As a young woman working in the communications field for four years now, I have worked at three different companies. This is no longer your mother and father’s era of company loyalty. Sometimes to learn and grow you need to move jobs. Working in this day and age there is no guarantee the company you work for will keep you for 15 years like they did your parents. So how do you prepare yourself if you notice a stall in your career growth? Or if you’re like me, how do you stave off the boredom that eventually ensues? Well, the excitement and uncertainty of finding a new job may just be the trick.
The following has helped me be the proverbial “grasshopper” and jump from job to job without a hitch:
1. Keep your resume up-to-date
- Yes, this is a given, but it’s a necessity to maintain your resume as you continue to make strides in your career. Say you lead a successful launch of a campaign – it is a lot easier to put it down on paper with the launch fresh in your mind than trying to recall it six months later for the resume update.
2. Update your Linkedin profile and request recommendations
- As with your resume, keep your Linkedin profile up-to-date. In this age of technology, recruiters and HR representatives are definitely looking at your Linkedin profile. With that being said, keep it updated by also asking for recommendations on your work. I would recommend requesting recommendations from former co-workers and if you are currently connected with co-workers at your present job, feel free to ask them for recommendations after the completion of large projects.
- A tip of the trade with recommendations is to try and avoid overloading on the recommendations all at the same time. You know that one co-worker who is all up in everyone else’s business, and for some reason they love to stalk your Linkedin profile, well they will take notice and they are not known for keeping their mouths shut and will begin to raise suspicions to your colleagues about your loyalty to the company (oh yes, I have learned this the hard way).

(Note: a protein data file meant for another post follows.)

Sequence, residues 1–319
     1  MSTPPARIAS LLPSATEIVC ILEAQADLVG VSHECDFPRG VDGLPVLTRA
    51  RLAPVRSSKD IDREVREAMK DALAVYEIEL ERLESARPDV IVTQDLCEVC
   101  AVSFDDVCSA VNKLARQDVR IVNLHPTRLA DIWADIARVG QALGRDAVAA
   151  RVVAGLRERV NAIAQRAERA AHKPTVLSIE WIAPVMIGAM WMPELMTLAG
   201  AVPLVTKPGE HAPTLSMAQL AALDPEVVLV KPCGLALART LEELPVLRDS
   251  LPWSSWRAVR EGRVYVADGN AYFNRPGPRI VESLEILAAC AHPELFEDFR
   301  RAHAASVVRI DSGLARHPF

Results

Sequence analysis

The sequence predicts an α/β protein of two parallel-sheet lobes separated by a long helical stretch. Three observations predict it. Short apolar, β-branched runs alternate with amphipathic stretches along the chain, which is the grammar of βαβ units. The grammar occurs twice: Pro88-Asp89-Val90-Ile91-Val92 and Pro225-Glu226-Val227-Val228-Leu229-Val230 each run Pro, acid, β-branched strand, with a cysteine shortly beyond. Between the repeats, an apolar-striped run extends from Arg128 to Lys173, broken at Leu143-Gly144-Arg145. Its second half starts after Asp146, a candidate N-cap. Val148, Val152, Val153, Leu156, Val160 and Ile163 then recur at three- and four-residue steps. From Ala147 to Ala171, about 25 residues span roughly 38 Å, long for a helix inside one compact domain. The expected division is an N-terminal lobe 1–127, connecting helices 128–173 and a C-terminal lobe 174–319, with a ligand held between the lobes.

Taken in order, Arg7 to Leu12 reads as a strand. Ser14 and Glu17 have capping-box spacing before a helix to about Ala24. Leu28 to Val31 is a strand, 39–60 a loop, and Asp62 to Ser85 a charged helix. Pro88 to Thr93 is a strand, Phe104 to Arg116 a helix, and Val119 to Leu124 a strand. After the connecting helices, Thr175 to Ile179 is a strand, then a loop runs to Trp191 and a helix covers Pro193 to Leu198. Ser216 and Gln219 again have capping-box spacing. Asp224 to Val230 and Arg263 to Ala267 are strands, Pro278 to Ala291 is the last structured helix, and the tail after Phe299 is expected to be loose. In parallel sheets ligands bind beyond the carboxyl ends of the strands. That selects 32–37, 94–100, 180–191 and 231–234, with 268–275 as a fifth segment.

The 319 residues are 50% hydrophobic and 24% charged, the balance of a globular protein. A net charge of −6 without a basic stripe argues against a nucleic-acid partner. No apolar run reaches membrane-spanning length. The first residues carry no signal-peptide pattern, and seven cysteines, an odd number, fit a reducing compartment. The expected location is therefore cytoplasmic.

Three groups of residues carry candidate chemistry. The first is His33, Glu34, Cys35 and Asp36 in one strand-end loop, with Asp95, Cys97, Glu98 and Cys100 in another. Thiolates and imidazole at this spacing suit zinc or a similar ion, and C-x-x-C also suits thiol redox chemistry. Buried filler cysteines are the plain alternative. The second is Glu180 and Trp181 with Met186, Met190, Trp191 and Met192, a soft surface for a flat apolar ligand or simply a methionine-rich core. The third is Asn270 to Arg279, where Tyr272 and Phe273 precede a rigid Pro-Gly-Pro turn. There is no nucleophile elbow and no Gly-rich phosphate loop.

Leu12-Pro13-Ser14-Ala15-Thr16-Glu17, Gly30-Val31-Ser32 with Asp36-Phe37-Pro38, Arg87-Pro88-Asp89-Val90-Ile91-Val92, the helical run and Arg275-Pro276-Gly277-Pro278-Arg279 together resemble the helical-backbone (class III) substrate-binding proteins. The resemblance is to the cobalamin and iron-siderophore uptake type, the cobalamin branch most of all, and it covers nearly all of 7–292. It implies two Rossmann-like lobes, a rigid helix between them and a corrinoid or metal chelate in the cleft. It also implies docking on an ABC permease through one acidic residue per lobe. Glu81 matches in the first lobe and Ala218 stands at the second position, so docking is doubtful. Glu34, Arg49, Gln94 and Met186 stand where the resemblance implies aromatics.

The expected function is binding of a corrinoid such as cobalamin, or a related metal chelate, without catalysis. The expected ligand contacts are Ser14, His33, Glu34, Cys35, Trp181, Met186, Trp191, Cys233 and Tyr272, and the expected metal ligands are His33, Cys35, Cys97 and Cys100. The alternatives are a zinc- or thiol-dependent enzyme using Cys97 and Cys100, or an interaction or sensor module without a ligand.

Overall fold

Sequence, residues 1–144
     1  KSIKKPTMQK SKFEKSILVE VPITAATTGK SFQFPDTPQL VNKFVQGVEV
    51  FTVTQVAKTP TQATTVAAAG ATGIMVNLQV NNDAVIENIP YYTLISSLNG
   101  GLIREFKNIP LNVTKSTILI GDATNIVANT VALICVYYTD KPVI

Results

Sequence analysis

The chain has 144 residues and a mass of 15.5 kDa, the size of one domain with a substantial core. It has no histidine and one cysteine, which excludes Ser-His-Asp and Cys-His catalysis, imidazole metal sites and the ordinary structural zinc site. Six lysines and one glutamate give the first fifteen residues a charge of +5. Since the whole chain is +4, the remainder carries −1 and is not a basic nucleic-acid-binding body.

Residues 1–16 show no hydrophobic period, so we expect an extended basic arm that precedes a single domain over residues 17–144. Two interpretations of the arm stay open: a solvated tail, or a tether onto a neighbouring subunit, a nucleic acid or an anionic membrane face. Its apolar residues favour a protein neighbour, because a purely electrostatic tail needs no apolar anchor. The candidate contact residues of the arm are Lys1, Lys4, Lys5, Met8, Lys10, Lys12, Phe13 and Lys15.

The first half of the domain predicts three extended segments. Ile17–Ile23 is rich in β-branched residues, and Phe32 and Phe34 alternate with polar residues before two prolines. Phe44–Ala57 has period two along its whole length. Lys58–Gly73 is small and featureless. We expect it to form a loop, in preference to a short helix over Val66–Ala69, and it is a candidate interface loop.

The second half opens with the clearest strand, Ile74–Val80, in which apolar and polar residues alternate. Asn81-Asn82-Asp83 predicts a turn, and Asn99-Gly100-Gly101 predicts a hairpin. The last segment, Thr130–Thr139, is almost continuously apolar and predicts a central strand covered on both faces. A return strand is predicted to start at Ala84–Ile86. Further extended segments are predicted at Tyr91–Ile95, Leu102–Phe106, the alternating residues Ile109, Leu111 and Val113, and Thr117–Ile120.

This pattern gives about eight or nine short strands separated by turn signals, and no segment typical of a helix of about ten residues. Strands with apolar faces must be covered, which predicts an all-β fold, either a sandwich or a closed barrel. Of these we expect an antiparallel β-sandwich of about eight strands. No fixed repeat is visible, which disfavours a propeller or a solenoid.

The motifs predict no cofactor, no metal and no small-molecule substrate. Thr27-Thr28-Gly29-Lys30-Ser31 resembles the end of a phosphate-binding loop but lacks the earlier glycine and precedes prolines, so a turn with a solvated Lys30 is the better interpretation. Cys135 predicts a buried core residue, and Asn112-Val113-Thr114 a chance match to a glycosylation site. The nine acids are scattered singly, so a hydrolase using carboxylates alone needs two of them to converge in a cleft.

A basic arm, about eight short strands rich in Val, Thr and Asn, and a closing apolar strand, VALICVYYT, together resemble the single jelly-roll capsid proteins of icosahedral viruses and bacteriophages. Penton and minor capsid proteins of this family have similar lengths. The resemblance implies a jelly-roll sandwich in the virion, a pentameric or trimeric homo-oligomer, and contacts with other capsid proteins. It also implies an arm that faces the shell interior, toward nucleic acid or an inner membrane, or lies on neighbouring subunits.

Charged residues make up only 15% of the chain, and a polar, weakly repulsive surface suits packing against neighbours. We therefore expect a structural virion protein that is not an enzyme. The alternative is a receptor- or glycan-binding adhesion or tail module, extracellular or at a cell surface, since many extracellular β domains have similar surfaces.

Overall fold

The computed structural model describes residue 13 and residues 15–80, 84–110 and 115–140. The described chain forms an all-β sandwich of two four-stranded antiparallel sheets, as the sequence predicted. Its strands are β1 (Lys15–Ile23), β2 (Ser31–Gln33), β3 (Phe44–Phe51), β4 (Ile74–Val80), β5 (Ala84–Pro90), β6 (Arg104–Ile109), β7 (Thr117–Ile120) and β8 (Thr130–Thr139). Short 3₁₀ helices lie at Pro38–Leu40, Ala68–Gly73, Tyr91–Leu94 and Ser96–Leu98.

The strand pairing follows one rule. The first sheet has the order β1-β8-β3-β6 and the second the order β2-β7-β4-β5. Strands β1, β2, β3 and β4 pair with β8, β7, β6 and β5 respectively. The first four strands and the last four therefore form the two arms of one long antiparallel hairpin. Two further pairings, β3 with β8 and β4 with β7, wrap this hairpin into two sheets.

3. Limit/edit your social media output
- If you don’t think potential managers are looking you up on Facebook and Twitter, you are sorely mistaken. So do what I do when searching for a new job: deactivate your Facebook account. Believe me, you won’t miss out on what is happening, just make sure you let some of your friends know that you are leaving Facebook for a short time and to ensure that they call/text you more (crisis averted).
- As for Twitter, either block your tweets or delete your account. If you cannot bear to delete your account temporarily I would recommend doing a tweet audit and delete those specific tweets that may not be kosher in your hunt for a new job.
After taking these very basic steps into account you should be able to hit the ground running and begin searching for that new job which will start a new chapter of your career. I have been able to successfully move forward and upward in my career journey and so will you. All the best of luck!